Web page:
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N.Y. Fans Playing the Fools

September 24, 1993|MIKE DOWNEY

New York has a new problem. (What? One?) Something funny is happening on the baseball field of Yankee Stadium, the house that Babe Ruth built and the house that George Steinbrenner wants to bolt.

It seems that radical new fielding and baserunning techniques are being demonstrated at the old ballyard. Unfortunately for the Yankees, they are being demonstrated by the fans.

Things not only are getting out of hand, they are getting out of seats. Fans are interfering with play, interrupting games. They are reaching over the fence to make catches, running the bases, sliding hard into home plate--in short, doing things the New York Mets can't.

It is getting so bad, on Fan Appreciation Night the following announcement will be made: "We'd appreciate you a lot more if you sat your butt down."

Even being handcuffed, busted and booked at the Fort Apache hoosegow has not discouraged these Bronx hooligans. Yankee management has tried drastic measures--beefing up security, warning fans to behave, threatening to make them listen to Conan O'Brien's sidekick. Nothing works.

A few games ago, some 15-year-old jerk ran onto the diamond. An out had to be replayed, Mike Stanley singled on his second chance, the Yankees eventually won the game and the jerk's mother told the New York Times she resented sonny being called a jerk.

Yankee fans have been coming over the side like lemmings. It looks like "The Great Escape" after Steve McQueen got out of the tunnel. Several people have pulled the same childish prank. One of them looked suspiciously like Vince Coleman.

Earlier this season, with the score tied, Don Mattingly swatted a fly toward the right-field pavilion. As the outfielder reached up, a fan reached out to make a basket catch. Now this is what I really call a homer.

Same thing happened, if you'll recall, on opening day at Dodger Stadium when Darryl Strawberry objected to a fan's clammy hands. But what that man did was refuse to get out of the home-team right fielder's way. The guy at Yankee Stadium leaned over the fence and stuck it to the visiting team.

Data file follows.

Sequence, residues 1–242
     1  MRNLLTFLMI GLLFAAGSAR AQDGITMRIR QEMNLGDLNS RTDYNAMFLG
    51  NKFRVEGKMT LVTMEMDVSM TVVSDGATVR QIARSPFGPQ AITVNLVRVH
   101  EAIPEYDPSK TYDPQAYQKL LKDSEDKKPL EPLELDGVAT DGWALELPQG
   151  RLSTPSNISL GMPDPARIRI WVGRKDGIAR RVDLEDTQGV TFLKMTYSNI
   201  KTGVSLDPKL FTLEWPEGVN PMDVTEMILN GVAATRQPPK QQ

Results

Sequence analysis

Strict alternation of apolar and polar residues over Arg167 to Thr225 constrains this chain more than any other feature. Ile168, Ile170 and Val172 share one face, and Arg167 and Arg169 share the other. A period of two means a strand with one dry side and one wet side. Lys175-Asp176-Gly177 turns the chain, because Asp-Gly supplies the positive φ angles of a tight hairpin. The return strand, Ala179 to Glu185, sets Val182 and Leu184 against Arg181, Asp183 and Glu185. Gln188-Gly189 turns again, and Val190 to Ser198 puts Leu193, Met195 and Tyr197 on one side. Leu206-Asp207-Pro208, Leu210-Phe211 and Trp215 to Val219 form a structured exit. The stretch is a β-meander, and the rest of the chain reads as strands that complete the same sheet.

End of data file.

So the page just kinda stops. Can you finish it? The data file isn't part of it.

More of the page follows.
They have an all-sports radio station in New York called WFAN, and now I know why. It's come one, come all. Pretty soon, the Knicks will use six dribblers to Chicago's five--Ewing, Smith, Oakley, Rivers, Starks and some punk from Newark who runs out on the court waving his arm, yelling, "I'm open! Hit me!" Or the Jets will have a new halfback in motion--somebody's cousin Vinny from over in Yonkers, yelling, "Yo! Boomer! T'row me da ball!"

What can the Yankees do?

Not much. They could move, as Steinbrenner prefers they do, to a better neighborhood. Unfortunately, New York's better neighborhood is Connecticut.

Here are some other possible solutions:

--Barbed wire. Nothing is quite so effective in crowd control. Of course, this could result in long delays as the Yankee ground crew scales the barbed wire in an attempt to unhook a 15-year-old Yankee fan who has snagged his Beavis and Butt-head T-shirt on the fence and is dangling there like Howdy Doody.

--Guardian Angels. Maybe if Steinbrenner hires enough of those fearless soldiers in red berets, overzealous fans will stop running onto the field and go back where they belong, spray-painting subway cars.

--Hillary Rodham Clinton. She's got this health-care thing worked out already. Give her a new gig.

--Pernell Whitaker. He could punch out any fan who dares to run onto the field. In court, of course, a federal judge would score it 115 for Whitaker, 115 for the fan.

--Pepper Spray. The newest thing in California to discourage muggers and thieves, this stuff works with Mace-like effectiveness. Those "No Pepper" signs will have to come down, though.

--Roseanne. One "Oh, say can you see?" from her will send fans streaming toward the exits, not the field.

--Vince Coleman. Any fan comes anywhere near the wall, he pulls the pin on a grenade and boom!

--Bret Saberhagen. Standing by with the Clorox, just in case.

--Sen. Bill Bradley (D-N.J.). Concerned with athletes' human rights, he will vote that Yankee players boycott future games unless the entire population of New York agrees to act nice.

Or, if Steinbrenner really wants fans to stop being so enthusiastic, you know what he could do?

Sell the team to that guy in San Diego.

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